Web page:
Happy Christmas

Just about every family has a black sheep, someone who goes against the grain and tends to annoy the heck out of his or her relatives. Though irritating and a burden, this individual can be full of life, piss and vinegar, making for a very colorful and downright entertaining character. This type of person has been brought to life on screen many times before but in the new dramedy Happy Christmas, we see a more realistic side to this controversial personality.

With writer/director/actor Joe Swanberg’s beautifully documentary-esque filmmaking style, Happy Christmas is a film that takes a cute bit of fiction and makes it feel very real. Swanberg pushed for an almost completely improvised method from the actors, making the film’s plot seem as though it’s actually happening as it’s being filmed. The story isn’t impressive or anything groundbreaking. It focuses on Jeff (Swanberg) and Kelly (Melanie Lynskey of Two and Half Men fame) and their two-year-old son (played by Swanberg’s real-life son). They live a cozy existence, that is until Jenny shows up, Jeff’s younger and slightly wild sister played by Anna Kendrick.

The film focuses on Jeff and Kelly as try to adapt to Jenny who has come to stay with them for a while. Jenny’s rambunctious ways are a nuisance to the wholesome couple who are trying to provide a safe home for their child. Jenny stirs things up a bit when she gets overly intoxicated at a party. This then raises the question of whether or not Jenny should stay with them.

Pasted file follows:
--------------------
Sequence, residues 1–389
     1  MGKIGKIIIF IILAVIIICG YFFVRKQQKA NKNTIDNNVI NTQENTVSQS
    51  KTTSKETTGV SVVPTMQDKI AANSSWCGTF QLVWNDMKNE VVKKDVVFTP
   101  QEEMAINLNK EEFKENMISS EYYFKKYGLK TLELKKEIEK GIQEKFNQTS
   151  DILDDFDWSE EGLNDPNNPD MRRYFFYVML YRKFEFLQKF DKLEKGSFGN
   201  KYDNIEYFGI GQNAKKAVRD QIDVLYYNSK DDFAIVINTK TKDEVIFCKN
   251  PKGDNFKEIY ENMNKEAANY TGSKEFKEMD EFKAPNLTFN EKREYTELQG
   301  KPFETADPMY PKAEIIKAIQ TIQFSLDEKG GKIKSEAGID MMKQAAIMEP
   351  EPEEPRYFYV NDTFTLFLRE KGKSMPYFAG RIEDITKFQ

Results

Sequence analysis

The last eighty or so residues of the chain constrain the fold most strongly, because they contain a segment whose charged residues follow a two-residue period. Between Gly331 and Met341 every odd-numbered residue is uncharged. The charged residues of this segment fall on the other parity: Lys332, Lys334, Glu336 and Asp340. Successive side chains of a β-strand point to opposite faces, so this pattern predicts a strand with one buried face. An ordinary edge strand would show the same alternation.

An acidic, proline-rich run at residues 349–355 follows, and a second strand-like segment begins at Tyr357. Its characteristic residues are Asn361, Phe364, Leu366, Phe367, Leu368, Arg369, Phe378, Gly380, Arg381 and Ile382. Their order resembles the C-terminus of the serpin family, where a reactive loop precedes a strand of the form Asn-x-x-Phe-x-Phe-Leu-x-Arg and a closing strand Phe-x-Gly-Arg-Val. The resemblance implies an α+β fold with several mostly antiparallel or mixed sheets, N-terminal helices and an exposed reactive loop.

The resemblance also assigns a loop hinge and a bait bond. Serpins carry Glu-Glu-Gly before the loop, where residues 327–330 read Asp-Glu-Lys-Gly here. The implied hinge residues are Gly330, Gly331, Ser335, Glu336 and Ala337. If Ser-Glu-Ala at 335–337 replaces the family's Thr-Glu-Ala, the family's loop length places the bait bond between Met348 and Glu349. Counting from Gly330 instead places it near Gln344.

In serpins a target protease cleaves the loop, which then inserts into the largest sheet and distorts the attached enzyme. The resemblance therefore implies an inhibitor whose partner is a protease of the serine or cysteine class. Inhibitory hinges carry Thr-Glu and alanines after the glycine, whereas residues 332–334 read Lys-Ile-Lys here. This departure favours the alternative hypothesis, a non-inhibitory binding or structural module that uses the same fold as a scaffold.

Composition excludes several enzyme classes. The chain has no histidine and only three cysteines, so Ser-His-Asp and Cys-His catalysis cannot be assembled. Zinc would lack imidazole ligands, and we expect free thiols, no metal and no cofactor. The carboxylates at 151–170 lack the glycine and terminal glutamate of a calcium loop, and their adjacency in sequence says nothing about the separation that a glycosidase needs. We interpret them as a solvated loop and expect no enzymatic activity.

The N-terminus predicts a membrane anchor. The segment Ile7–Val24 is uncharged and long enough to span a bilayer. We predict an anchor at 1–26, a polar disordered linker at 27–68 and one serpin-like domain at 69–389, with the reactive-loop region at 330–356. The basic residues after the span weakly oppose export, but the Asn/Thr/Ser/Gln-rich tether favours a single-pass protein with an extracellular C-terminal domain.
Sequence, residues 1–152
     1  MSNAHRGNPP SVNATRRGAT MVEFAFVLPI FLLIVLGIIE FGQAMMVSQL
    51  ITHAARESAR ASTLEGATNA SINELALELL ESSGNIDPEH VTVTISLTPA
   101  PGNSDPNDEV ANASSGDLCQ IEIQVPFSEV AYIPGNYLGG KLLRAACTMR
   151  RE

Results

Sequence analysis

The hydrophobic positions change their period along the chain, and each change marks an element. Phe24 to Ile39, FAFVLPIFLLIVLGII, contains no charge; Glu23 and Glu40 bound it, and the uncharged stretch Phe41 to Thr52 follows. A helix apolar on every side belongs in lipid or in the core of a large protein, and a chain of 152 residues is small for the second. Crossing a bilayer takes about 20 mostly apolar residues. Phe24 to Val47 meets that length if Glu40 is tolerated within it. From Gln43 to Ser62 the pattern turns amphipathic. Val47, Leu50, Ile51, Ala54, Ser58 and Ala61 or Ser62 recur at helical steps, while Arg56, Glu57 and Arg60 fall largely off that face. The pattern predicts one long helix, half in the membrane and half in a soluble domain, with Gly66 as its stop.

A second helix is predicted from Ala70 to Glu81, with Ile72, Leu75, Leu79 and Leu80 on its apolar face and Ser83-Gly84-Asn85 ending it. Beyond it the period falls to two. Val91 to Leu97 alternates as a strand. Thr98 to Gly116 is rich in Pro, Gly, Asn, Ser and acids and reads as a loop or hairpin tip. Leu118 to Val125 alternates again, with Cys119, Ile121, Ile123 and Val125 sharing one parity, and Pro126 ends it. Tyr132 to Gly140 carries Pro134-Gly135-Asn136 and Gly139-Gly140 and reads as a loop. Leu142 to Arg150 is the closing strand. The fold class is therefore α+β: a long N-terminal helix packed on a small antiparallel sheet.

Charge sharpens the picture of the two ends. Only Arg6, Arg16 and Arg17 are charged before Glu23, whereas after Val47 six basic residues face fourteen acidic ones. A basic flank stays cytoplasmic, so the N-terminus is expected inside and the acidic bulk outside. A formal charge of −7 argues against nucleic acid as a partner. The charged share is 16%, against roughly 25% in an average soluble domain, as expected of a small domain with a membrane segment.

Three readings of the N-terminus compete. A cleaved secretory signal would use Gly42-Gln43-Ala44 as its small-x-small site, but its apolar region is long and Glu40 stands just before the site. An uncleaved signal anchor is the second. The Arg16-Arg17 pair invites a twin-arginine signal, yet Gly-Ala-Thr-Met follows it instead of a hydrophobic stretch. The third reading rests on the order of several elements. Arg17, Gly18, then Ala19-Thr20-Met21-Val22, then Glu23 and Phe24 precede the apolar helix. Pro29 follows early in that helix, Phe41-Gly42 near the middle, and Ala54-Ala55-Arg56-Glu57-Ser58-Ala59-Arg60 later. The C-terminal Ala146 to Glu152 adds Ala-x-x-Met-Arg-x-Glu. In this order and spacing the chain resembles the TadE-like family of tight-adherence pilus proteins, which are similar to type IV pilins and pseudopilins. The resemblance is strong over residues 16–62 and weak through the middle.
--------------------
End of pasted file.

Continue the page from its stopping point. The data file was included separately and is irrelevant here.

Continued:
Happy Christmas is a simple film with little to no point. Swanberg has created a world firmly grounded in reality and with the actors improvising most of their lines, it feels like someone just left their cell phone camera on as everyone sits around and converses. Even the audio sounds cheap but it all contributes to the documentary style of the film.

The three lead actors do a fine job in the film. They aren’t really acting, so it’s a treat seeing them with their hair down. Movies these days rely on explosions and ridiculously complicated science fiction elements. Happy Christmas is a far cry from this tired, standard Hollywood formula. A film like this relies on people, human beings with genuine emotions.

Independent dramedies are the rawest, most sincere forms of film storytelling. Movies like Happy Christmas are a welcome delight for cinephiles. They focus on believable relationships and don’t shy away from awkward silences and flawed characters. Swanberg delved into this world with 2013’s Drinking Buddies and the results there were actually a lot better. Happy Christmas means well and features some of the most realistic scenes shot for a movie in quite some time but the story is bland and the plot, sort of pointless. The only saving grace here are the performances of each of the actors, especially Kendrick, who is no stranger to quirk comedies. Even Girls’ Lena Dunham provides some kooky comic relief as Jenny’s fun gal pal.

Happy Christmas may only be 82 minutes long but it feels a lot longer and it isn’t a bad movie, per say. It just doesn’t feature a strong enough plot to satisfy the standard moviegoer. It is a dramedy in every sense of the word and will probably get better with age. It will fall under the radar now but hopefully, in time, it will gain a cult following. More movies should be made this way and with Swanberg at the helm, success is pretty much guaranteed.

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